Girls 10U: Ximena Barraza, Mariajose Franco
Girls 8U: Maria Malo uncontested

I *believe* this list is also the Mexican Junior team for Junior Worlds in November. However, some of the younger divisions saw different players advancing out of the loser’s bracket and may be the actual 2nd place finishers. The results above show the finals of the winner’s bracket throughout.

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Here’s the updated Mexican Junior Nationals Matrix of all winners, now that we’ve updated the 2019 winners:

Mexican Boy’s Winner Matrix: http://rball.pro/E1C550

Mexican Girls Winner Matrix: http://rball.pro/A267D1

These results are very sparse when compared to USA, Canada and Worlds. I have some past r2sports links and will do an update, but any results prior to 2013 will require help from the Mexican National organization.

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Here’s some wrap-ups of the divisions. From a database perspective, I have put in just the winner’s bracket matches from the 14U, 16U and 18U divisions on both sides. i’ve just put in winners for younger divisions.

Boys 18U: PRS match report: http://rball.pro/F11B26

In the 18U, #1 seed Sebastian Fernandez dominated the weekend, dropping just one game en route to a repeat 18U title. He beat #11 seeded Emir Martinez 1,3 in the final, who came out of a lower-side of the bracket clearly seeded poorly (the #2, #3 and #6 seeds all lost in the first round). The winner of the loser’s bracket/3rd place winner turned out to be #9 seeded Jose Ramos, who topped #4 seed Manuel Moncada (the only person to take a game off of Fernandez).

Boys 16U: PRS match report: http://rball.pro/B9A6AB

In the 16U, the seeds held to the final, where #2 Sebastian Longoria took out #1 Erick Trujillo 12,6. #12 seed Aldo Caraveo recovered from his semi finals loss to win the loser’s bracket/take 3rd place.

Boys 14U: PRS match report: http://rball.pro/68878C

In the 14U, #2 seed Luis Renteria took out #4 seeded Jorge Gutierrez Ortiz in the final. #1 seed Christhian Sanchez recovered to take 3rd.

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Girls 18U: PRS match report: http://rball.pro/81EC3C

In the 18U, #2 seed Ana Laura Flores Saavedra blitzed her way to the title, winning the final 1,1 over 9th seeded Maria Gutierrez. #1 seed Ana Kristin Rivera recovered to take the loser’s bracket final and 3rd place, keeping her in play for a Junior World spot.

Girls 16U: PRS match report: http://rball.pro/533E1D

In the 16U, #1 seed Guadalupe Griffen topped #6 seed Ximena Martinez in the final 6,8. #2 seed Daniela Rico recovered from an upset qtrs loss to take the losers’s bracket and 3rd place.

Girls 14U: PRS match report: http://rball.pro/25A4A2

In the 14U, #2 Ivanna Balderrama topped #4 Angela Veronica Ortega in the final 13,8. #1 seed Naomi Ros recovered to take 3rd.

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That’s a wrap.

The next major tournament is Pan Ams in early-to-mid August. I’ll do a reaction piece to the ridiculousness of the Mexican Adult national team selection this week. I’ll also post some IRT season wrap-up content that i’ve had ready to go for a few weeks.

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Federación Mexicana de Raquetbol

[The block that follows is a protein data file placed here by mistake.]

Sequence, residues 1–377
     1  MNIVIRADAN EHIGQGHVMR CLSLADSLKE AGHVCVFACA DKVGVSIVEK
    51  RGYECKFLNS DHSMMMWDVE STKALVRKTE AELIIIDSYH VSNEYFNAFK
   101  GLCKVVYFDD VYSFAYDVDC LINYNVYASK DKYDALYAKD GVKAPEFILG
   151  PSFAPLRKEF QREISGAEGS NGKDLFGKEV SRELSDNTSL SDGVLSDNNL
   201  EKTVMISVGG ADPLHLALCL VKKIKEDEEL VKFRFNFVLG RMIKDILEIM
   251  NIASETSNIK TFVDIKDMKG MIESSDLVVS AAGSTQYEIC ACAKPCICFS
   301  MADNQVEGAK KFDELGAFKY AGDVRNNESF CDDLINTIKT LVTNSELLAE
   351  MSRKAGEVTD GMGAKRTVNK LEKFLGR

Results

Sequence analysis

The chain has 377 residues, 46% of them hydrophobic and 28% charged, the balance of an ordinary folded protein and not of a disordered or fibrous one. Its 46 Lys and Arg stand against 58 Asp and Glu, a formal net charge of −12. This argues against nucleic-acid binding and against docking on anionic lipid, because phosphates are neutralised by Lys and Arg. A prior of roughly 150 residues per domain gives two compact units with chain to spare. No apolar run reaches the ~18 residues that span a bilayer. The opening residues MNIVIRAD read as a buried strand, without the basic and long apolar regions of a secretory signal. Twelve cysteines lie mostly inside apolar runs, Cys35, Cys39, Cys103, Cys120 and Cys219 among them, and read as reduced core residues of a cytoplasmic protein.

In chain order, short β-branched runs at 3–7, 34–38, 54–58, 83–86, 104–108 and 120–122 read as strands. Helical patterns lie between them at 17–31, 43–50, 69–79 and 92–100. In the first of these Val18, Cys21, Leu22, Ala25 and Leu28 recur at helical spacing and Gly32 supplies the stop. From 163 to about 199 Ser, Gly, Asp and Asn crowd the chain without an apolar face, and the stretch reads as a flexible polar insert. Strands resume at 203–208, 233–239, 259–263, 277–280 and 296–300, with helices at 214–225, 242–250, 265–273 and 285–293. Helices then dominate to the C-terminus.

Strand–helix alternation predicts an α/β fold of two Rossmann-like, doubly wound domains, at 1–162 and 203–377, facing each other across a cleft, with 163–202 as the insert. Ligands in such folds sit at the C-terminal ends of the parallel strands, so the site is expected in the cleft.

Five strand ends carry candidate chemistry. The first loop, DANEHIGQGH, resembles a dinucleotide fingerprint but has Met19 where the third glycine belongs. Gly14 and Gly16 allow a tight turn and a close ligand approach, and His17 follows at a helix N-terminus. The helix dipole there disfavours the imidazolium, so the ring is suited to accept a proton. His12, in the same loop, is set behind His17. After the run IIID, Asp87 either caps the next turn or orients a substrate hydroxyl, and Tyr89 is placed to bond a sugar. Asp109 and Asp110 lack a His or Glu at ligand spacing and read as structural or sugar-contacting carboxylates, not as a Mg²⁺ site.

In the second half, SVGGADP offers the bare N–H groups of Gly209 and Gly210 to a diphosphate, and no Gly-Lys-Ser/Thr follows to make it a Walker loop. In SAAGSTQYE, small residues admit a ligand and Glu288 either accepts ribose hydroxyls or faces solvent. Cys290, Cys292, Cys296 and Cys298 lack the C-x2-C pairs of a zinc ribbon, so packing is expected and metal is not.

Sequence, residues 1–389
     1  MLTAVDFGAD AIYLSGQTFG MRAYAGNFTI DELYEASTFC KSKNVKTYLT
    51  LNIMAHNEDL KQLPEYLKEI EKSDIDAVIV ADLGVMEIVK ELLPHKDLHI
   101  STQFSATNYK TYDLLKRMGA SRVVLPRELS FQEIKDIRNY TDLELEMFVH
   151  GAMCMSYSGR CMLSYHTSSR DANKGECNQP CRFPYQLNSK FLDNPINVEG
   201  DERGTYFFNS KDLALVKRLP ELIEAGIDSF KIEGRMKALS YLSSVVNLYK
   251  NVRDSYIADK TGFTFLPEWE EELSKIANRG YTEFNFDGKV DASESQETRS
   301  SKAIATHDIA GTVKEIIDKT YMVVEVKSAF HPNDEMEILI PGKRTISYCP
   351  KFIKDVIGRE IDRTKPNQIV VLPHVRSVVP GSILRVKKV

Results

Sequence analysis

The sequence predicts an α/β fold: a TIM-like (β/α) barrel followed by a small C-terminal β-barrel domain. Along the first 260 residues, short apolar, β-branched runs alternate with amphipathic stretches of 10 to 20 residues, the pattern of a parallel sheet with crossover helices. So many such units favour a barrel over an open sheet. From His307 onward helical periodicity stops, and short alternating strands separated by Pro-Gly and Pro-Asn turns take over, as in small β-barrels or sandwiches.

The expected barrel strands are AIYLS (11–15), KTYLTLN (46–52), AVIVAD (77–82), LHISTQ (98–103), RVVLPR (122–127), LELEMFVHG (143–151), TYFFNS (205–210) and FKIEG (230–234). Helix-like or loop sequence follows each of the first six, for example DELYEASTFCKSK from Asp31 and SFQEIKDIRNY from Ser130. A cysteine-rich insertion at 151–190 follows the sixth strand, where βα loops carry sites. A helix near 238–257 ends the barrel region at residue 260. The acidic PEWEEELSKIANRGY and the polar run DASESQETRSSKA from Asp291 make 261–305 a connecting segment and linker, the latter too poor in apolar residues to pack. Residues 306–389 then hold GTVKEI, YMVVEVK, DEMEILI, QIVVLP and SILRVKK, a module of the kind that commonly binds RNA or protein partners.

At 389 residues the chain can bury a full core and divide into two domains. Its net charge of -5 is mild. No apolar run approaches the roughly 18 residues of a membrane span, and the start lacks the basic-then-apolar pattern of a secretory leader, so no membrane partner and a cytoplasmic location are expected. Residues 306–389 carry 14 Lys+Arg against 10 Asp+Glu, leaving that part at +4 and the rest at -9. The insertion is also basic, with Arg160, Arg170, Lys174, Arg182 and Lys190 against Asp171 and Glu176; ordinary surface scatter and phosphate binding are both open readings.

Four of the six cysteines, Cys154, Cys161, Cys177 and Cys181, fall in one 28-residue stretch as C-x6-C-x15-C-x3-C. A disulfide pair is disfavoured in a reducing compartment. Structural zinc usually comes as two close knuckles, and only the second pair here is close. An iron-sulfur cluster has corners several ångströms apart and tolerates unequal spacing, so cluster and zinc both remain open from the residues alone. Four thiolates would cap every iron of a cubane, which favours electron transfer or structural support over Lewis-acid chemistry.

International Racquetball Federation – IRF

Mexican Junior Nationals Preview

Sebastian Fernandez looks to cap off a very decorated junior career with his last 18U Junior tournament.

This coming week and weekend is Campeonat Nacional de Raquetbol Infantil y Juvenil 2019. This tournament should determine the representatives Mexico sends to World Juniors, being held later this year in November in San Jose, Costa Rica.

r2 site: https://www.r2sports.com/tourney/home.asp?TID=30780

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Our records for Mexican Nationals events aren’t nearly as complete as for the USA and Canada: for the juniors, we only have records going back to 2013, and only for the older groups in the database. here’s some links to Mexican past junior champs:

Boys Junior champs: http://rball.pro/E1C550

Girls Junior champs: http://rball.pro/A267D1

There are a few defending champs entered into the draws. On the boys side:
– defending Mexican 18U champ Sebastian Fernandez is here to defend his title. 
– defending 16U champ Elias Nieto has graduated to the 18U ranks.
– defending 14U champ Omar Gonzalez has graduated to the 16U draw.

On the girls side:
– 2x defending 18U champ Montse Mejia has matriculated, so we’ll have a new champion. 
– defending 16U champ Delia Aguilar is not at the event.
– defending 14U champ Daniela Rico has graduated to the 16Us and will take on a group that includes some players already playing in the LPRT ranks.

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Lets preview the 18U and 16U draws, the ones with the players who followers of the pro game may have heard of or seen entered into draws.

Boys 18U: the seedings frequently confound me in these events (for example, last year the final was certainly predictable by observers of the draw, but the two finalist seeds were #12 and #23). This year Fernandez is the clear #1 seed, but the #2 seed Saul Rivero was topped by the guy seeded 14th in this draw Adrian Fernandez. Furthermore, Fernandez has to go against the 3rd seeded Nieto, the reigning 16U champ despite making it to the qtrs last year. I don’t get it.

I like Fernandez to repeat, irrespective of who comes out of the bottom. I’ll predict semis of #1 Fernandez, #4 Manuel Moncada, #3 Nieto and #15 Cuevas Fernandez, with Nieto losing in the final to the repeating Fernandez.

Boys 16U: #1 Erick Trujillo and #2 Sebastian Longoria would be my favorites to make the final, but there’s already been a slew of upsets of other seeded players, so it may be a wide-open draw.